# Polynomial Regression in Julia

In statistics, polynomial regression is a form of regression analysis in which the relationship between the independent variable x and the dependent variable y is modeled as an nth degree polynomial in x. Polynomial regression fits a nonlinear relationship between the value of x and the corresponding conditional mean of y, denoted E(y |x). Polynomial regression is one example of regression analysis using basis functions to model a functional relationship between two quantities.

**Advantages of Polynomial regression over linear regression**

- Polynomial provides the best approximation of the relationship between the dependent and independent variables.
- A broad range of functions can be fit under it.
- Polynomial basically fits a wide range of curvature.

**Polynomial Regression in Julia**

Polynomial Regression in Julia can be implemented by using Polynomials.jl package. Polynomials.jl is a Julia package that provides basic arithmetic, integration, differentiation, evaluation, and root finding over dense univariate polynomials.

To install the package, run

pkg> add Polynomials

Once the package installed, you can load the package using

using Polynomials

**Types of Polynomials**

**Polynomial:**Standard basis polynomials, a(x) = a₀ + a₁ x + a₂ x² + … + aₙ xⁿ, n ∈ ℕ**ImmutablePolynomial:**Standard basis polynomials backed by a Tuple type for faster evaluation of values**SparsePolynomial:**Standard basis polynomial backed by a dictionary to hold sparse high-degree polynomials**LaurentPolynomial:**Laurent polynomials, a(x) = aₘ xᵐ + … + aₙ xⁿ m ≤ n, m,n ∈ ℤ backed by an offset array; for example, if m<0 and n>0, a(x) = aₘ xᵐ + … + a₋₁ x⁻¹ + a₀ + a₁ x + … + aₙ xⁿ**ChebyshevT:**Chebyshev polynomials of the first kind

**Syntax:**

julia> using Polynomials

Now, let’s see how can we use Polynomial.jl to achieve arithmetic, integration, differentiation, evaluation, and root finding over dense univariate polynomials.

**Construction and Evaluation**

- Construct a polynomial from an array of its coefficients, lowest order first.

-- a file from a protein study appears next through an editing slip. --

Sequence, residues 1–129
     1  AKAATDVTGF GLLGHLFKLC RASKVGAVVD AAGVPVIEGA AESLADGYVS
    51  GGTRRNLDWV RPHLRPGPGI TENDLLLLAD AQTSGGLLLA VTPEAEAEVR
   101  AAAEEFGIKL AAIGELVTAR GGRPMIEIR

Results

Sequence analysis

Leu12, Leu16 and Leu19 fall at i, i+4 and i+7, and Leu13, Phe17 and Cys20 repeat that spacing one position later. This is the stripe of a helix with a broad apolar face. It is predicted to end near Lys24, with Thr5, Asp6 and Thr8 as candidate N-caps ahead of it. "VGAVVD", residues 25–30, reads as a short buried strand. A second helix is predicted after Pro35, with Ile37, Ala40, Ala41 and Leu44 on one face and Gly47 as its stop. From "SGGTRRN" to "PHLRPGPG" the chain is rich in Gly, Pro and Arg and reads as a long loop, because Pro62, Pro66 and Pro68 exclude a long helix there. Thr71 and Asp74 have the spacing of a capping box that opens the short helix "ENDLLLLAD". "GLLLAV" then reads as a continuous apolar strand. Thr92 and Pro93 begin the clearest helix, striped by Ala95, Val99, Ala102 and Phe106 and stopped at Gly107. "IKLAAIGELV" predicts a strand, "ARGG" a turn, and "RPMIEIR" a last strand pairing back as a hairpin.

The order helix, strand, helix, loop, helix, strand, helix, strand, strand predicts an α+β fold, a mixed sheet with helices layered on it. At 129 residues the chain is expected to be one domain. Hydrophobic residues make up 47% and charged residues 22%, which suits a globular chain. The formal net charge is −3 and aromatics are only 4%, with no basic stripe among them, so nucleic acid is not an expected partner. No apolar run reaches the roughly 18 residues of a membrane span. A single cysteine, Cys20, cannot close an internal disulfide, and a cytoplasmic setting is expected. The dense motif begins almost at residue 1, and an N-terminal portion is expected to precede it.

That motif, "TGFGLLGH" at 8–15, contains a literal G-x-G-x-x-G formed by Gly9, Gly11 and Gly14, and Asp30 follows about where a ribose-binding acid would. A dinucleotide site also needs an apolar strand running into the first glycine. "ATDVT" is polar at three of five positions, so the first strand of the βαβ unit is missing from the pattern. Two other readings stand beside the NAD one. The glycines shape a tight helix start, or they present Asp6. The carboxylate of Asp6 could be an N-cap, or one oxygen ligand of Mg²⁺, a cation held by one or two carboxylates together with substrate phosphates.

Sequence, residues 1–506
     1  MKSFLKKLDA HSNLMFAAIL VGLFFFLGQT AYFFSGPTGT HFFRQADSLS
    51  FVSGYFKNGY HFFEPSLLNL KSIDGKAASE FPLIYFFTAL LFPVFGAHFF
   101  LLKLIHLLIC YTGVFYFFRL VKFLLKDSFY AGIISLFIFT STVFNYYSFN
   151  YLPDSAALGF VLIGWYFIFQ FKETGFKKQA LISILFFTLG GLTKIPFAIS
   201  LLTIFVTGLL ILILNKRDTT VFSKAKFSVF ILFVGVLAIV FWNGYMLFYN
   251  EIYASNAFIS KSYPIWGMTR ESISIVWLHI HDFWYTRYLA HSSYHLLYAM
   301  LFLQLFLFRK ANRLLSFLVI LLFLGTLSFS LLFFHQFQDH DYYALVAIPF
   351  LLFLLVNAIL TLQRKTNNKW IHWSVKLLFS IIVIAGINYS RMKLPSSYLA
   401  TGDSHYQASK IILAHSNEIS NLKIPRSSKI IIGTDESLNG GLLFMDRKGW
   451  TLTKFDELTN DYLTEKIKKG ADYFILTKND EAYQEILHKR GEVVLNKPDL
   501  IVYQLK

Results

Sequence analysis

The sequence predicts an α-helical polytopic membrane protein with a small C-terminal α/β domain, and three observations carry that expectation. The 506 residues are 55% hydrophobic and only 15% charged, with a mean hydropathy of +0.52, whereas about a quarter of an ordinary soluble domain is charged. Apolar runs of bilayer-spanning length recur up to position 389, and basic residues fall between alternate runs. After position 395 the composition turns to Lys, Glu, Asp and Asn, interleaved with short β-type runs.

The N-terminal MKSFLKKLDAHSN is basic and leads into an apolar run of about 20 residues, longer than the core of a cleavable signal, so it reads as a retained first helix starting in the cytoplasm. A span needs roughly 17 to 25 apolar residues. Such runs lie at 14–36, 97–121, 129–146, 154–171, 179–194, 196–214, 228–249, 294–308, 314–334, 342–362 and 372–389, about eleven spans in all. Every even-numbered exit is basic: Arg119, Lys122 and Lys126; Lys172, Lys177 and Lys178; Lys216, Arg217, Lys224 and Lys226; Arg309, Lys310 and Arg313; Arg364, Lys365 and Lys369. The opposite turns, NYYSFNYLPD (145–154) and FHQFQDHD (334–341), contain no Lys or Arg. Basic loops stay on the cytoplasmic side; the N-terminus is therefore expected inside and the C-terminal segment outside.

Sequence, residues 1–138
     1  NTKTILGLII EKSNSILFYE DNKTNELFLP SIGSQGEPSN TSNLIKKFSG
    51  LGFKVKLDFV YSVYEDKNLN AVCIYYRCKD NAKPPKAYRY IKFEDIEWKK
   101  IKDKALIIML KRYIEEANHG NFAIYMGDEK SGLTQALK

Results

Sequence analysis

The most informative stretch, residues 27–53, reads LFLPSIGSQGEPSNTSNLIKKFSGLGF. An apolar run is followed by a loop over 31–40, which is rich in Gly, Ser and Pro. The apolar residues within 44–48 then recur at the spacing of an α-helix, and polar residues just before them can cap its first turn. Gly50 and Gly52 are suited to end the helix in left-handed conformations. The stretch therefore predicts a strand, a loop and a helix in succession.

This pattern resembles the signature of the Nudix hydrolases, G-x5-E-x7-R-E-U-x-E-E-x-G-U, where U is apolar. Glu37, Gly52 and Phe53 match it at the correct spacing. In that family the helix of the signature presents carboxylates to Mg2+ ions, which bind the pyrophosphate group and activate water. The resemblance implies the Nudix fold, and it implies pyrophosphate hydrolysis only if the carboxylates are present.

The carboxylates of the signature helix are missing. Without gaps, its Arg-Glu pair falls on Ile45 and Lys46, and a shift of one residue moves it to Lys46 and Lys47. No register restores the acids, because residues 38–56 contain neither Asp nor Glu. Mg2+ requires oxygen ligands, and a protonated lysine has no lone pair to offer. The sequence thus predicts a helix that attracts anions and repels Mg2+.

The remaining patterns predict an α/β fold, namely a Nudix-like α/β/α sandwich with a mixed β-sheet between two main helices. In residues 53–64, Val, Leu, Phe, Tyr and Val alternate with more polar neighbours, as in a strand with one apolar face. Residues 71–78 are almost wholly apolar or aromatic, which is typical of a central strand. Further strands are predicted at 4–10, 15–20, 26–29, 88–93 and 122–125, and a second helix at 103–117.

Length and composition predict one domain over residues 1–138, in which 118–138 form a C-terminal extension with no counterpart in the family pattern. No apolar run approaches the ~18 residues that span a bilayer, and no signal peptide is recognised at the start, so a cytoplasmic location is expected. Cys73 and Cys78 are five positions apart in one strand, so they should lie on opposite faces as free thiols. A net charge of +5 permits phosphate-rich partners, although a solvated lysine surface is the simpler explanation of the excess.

- Construct a polynomial from its roots by entering the roots as the parameters of the function of function
**fromroots()**in the form of an array

- Evaluate the polynomial p at x by entering the coefficients as the parameters of function
**polynomial()**in the form of an array

**Arithmetic Operators on Polynomials**

The usual arithmetic operators are overloaded to work on polynomials and combinations of polynomials and scalars.

The following arithmetic operators are supported on all primitive numeric types:

**Integrals and Derivatives**

Integrate the polynomial p term by term, optionally adding a constant term k. The degree of the resulting polynomial is one higher than the degree of p (for a nonzero polynomial).

Differentiate the polynomial p term by term. The degree of the resulting polynomial is one lower than the degree of p.

**Finding Roots of Polynomials**

Return the roots (zeros) of p, with multiplicity. The number of roots returned is equal to the degree of p. By design, this is not type-stable, the returned roots may be real or complex.

**Fitting Arbitrary Data**

Fit a polynomial (of degree deg or less) to x and y using a least-squares approximation.

## Julia

`using Plots, Polynomials` `xs ` `=` `range` `(` `0` `, ` `10` `, length ` `=` `10` `)` `ys ` `=` `@.exp(` `-` `xs)` `f ` `=` `fit(xs, ys) ` `# degree = length(xs) - 1` `f2 ` `=` `fit(xs, ys, ` `2` `) ` `# degree = 2` ` ` `scatter(xs, ys, markerstrokewidth ` `=` `0` `, label ` `=` `"Data"` `)` `plot!(f, extrema(xs)..., label ` `=` `"Fit"` `)` `plot!(f2, extrema(xs)..., label ` `=` `"Quadratic Fit"` `)` |